The War of the Worlds
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The War of the Worlds is a science fiction novel by English author H. G. Wells. It first appeared in serialized form in 1897, published simultaneously in Pearson's Magazine in the UK and Cosmopolitan magazine in the US. The first appearance in book form was published by William Heinemann of London in 1898. It is the first-person narrative of an unnamed protagonist in Surrey and that of his younger brother in London as Earth is invaded by Martians. Written between 1895 and 1897, it is one of the earliest stories that detail a conflict between mankind and an extraterrestrial race. The novel is one of the most commented-on works in the science fiction canon. The War of the Worlds has two parts, Book One: The Coming of the Martians and Book Two: The Earth under the Martians. The narrator, a philosophically inclined author, struggles to return to his wife while seeing the Martians lay waste to the southern country outside London. Book One also imparts the experience of his brother, also unnamed, who describes events as they deteriorate in the capital, forcing him to escape the Martian onslaught by boarding a paddle steamer near Tillingham, on the Essex coast.
was walking through the roads to clear my brain for the afternoon, and then—fire, earthquake, death! As if it were Sodom and Gomorrah!2 All our work undone, all the work—What are these Martians?” “What are we?” I answered, clearing my throat. He gripped his knees and turned to look at me again. For half a minute, perhaps, he stared silently. “I was walking through the roads to clear my brain,” he said. “And suddenly—fire, earthquake, death!” He relapsed into silence, with his chin now sunken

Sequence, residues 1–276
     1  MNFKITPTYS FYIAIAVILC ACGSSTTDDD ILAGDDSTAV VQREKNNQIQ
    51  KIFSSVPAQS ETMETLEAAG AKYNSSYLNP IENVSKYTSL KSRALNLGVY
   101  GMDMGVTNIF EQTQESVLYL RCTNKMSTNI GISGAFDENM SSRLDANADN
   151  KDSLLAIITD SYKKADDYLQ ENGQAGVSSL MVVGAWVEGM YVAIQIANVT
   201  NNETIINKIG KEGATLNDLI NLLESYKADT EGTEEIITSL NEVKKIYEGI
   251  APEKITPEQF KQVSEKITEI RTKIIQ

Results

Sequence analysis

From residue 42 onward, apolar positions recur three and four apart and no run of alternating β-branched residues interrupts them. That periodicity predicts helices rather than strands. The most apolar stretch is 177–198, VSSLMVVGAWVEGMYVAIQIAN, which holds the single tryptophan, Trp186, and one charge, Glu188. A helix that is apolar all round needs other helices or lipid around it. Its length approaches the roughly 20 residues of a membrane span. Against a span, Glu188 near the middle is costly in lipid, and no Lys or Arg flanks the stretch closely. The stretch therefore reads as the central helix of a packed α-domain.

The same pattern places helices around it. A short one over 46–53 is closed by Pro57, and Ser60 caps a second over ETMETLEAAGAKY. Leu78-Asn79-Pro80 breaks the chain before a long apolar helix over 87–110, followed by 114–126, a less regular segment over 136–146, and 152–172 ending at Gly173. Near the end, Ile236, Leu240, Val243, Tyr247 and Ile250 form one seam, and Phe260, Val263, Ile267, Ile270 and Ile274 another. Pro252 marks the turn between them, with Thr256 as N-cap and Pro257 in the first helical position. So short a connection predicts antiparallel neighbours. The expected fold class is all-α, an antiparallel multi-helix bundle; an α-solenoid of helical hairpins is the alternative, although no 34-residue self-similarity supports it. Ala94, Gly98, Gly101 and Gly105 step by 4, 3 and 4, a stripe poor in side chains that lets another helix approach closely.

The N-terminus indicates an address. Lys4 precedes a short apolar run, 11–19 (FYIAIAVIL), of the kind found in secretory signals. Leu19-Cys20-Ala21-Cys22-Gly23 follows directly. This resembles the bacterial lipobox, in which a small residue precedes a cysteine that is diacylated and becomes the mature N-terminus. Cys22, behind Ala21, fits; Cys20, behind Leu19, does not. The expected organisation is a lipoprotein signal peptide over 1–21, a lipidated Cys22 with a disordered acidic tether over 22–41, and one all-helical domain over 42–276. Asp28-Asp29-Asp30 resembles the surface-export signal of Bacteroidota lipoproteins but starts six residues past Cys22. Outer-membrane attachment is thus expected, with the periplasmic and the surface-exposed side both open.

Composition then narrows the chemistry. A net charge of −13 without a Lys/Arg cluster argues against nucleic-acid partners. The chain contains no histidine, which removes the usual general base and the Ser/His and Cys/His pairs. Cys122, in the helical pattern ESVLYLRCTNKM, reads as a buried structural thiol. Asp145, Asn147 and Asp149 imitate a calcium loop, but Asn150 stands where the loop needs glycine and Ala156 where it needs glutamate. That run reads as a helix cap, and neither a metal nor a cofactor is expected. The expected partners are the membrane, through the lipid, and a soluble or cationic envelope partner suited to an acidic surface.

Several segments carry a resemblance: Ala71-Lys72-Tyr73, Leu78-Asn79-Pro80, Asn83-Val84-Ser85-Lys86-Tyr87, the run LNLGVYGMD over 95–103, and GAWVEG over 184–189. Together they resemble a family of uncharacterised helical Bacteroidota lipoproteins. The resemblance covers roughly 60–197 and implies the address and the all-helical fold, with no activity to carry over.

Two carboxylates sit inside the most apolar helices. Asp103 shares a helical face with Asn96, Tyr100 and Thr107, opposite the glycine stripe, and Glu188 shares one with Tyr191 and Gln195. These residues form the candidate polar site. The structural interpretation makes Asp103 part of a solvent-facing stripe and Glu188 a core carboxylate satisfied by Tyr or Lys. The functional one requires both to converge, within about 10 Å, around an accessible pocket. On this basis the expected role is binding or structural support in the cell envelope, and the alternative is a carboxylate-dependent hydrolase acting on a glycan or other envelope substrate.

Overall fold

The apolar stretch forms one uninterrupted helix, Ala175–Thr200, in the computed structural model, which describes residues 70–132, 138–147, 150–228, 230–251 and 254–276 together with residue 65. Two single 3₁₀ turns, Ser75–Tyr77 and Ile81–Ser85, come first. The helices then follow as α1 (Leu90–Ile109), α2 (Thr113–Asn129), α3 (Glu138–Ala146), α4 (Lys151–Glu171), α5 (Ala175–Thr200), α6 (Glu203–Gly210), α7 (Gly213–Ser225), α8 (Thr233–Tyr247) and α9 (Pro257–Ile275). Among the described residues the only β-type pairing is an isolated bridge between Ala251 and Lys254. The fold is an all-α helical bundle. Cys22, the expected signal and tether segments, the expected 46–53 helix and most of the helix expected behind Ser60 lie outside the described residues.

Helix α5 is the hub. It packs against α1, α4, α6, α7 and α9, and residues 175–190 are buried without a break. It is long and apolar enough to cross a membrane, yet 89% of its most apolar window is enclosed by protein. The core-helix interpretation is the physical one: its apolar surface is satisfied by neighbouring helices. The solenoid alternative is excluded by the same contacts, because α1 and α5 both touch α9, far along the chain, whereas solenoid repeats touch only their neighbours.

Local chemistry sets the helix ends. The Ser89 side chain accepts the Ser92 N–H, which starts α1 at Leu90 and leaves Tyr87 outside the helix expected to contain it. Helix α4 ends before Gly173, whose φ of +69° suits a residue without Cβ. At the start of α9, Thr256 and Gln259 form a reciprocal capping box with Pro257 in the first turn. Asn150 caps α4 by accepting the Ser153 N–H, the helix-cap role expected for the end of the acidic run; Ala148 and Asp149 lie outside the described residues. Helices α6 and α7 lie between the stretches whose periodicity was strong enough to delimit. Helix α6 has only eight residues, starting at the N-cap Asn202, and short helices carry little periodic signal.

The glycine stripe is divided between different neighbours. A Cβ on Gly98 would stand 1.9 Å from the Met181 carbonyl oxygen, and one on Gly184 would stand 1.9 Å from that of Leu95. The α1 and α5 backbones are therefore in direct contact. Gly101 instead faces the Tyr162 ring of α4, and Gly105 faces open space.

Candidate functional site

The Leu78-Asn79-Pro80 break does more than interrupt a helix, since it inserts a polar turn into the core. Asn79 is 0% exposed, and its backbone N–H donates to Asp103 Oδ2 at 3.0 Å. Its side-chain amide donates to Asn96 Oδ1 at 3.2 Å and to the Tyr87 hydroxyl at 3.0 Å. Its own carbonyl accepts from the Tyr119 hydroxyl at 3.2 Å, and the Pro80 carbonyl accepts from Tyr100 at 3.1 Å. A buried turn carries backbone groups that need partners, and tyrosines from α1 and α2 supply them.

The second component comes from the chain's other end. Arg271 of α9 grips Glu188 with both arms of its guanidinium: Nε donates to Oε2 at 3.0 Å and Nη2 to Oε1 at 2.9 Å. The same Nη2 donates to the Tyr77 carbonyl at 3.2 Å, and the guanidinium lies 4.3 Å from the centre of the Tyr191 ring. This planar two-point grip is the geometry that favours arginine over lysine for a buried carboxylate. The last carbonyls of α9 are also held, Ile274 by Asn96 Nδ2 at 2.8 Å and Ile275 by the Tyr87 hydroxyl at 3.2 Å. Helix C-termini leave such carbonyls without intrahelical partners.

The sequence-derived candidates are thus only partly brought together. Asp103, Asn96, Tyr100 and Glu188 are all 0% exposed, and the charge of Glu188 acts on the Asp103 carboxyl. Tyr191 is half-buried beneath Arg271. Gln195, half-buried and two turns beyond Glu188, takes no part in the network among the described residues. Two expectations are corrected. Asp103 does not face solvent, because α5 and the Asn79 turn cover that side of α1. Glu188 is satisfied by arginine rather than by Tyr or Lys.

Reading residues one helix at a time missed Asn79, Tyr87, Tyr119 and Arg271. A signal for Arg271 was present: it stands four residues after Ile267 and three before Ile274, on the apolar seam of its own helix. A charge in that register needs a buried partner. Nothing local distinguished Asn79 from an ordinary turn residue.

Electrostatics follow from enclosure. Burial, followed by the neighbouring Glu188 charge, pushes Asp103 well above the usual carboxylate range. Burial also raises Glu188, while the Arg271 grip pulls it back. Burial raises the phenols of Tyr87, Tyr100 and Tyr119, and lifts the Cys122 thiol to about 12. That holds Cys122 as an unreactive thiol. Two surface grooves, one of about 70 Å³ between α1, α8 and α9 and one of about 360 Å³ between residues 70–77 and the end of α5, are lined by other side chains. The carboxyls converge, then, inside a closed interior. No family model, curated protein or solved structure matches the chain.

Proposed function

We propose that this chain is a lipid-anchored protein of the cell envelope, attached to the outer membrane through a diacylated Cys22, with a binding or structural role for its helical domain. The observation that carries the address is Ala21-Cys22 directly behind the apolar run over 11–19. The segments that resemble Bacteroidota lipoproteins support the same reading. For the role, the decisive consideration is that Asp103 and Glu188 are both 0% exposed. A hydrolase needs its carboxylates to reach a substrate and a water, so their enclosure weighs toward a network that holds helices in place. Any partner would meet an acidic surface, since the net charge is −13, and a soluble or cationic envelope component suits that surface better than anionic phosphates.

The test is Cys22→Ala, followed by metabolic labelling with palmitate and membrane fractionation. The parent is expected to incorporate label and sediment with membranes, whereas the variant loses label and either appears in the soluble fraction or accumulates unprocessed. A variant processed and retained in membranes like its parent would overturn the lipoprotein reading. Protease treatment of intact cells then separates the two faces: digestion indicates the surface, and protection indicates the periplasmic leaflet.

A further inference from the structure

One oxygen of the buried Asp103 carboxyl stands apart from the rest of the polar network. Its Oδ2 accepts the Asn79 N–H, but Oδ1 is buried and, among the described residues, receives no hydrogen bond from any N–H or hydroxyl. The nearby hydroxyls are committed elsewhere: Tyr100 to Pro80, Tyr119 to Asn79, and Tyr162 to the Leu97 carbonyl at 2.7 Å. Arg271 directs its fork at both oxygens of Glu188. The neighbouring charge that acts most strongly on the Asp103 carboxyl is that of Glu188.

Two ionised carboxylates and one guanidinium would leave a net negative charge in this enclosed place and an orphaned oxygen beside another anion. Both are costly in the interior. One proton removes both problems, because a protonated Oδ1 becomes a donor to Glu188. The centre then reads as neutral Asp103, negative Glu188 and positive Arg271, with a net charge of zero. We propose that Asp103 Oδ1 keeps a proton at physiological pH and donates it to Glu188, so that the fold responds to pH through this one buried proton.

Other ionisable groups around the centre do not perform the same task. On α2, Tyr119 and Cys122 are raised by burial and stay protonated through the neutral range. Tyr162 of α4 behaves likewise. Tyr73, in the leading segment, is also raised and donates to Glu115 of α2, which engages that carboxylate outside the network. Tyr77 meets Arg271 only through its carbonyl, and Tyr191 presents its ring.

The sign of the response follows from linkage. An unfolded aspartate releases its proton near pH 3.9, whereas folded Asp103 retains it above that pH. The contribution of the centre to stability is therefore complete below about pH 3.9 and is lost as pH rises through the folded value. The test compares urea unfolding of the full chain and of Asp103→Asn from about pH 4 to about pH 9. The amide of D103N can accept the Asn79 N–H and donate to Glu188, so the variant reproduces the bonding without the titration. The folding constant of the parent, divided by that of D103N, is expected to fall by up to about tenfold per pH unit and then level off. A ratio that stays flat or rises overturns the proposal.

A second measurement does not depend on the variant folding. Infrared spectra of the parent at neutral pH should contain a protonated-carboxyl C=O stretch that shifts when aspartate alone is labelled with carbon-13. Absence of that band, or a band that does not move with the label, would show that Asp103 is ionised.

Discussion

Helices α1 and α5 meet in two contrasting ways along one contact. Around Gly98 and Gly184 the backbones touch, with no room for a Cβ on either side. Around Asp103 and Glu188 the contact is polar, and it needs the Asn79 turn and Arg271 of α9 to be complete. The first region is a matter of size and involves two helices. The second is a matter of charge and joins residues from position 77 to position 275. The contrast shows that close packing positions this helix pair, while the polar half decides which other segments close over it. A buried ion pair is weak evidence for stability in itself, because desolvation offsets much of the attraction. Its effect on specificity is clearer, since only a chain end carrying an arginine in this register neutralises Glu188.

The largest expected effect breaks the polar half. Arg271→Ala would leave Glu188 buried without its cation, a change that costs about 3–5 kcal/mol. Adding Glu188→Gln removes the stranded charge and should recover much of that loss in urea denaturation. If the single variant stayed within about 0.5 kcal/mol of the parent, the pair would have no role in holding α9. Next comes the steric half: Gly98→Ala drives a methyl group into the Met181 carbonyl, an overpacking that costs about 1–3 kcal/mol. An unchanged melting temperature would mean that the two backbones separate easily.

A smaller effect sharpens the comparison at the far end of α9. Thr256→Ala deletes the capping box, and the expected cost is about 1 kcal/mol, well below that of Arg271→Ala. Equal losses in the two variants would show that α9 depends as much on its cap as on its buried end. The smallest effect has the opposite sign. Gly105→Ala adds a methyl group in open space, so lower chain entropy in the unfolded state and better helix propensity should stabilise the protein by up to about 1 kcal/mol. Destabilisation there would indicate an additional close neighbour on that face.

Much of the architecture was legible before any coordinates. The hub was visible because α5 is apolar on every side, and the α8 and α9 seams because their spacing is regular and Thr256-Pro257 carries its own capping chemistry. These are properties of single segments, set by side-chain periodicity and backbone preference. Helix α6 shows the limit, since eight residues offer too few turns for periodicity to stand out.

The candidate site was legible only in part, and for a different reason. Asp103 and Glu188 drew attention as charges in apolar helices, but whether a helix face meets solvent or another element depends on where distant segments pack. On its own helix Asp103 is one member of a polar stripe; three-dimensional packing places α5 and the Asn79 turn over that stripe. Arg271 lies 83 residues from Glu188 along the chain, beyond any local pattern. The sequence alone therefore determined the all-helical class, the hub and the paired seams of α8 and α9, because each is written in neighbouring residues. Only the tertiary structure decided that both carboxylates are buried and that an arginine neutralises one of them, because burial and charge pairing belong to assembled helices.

opposite flashed from darkness into yellow illumination. Up the street came galloping a closed carriage, bursting abruptly into noise at the corner, rising to a clattering climax under the window, and dying away slowly in the distance. Close on the rear of this came a couple of cabs, the forerunners of a long procession of flying vehicles, going for the most part to Chalk Farm station, where the North-Western special trains were loading up, instead of coming down the gradient into Euston. For a
like a great city, and in the glare you can just see them moving. By daylight you can’t. But nearer—I haven’t seen them—” (he counted on his fingers) “five days. Then I saw a couple across Hammersmith way carrying something big. And the night before last”—he stopped and spoke impressively—“it was just a matter of lights, but it was something up in the air. I believe they’ve built a flying-machine, and are learning to fly.” I stopped, on hands and knees, for we had come to the bushes. “Fly!”
altogether strange. I remember, clearly and coldly and vividly, all that I did that day until the time that I stood weeping and praising God upon the summit of Primrose Hill. And then I forget. Of the next three days I know nothing. I have learned since that, so far from my being the first discoverer of the Martian overthrow, several such wanderers as myself had already discovered this on the previous night. One man—the first—had gone to St. Martin’s-le-Grand, and, while I sheltered in the
command to the other one, a mere stripling. The younger man assiduously removed a key from a chain around his neck, unlocked the door, and ushered the group inside, closing the door behind him. I questioned several museum employees and found out that no one was completely sure what was inside the room, which they dubbed the Chamber of Marvels. When I asked the head curator what it contained, his response took me aback. Things people would never have thought existed, he said with a self-satisfied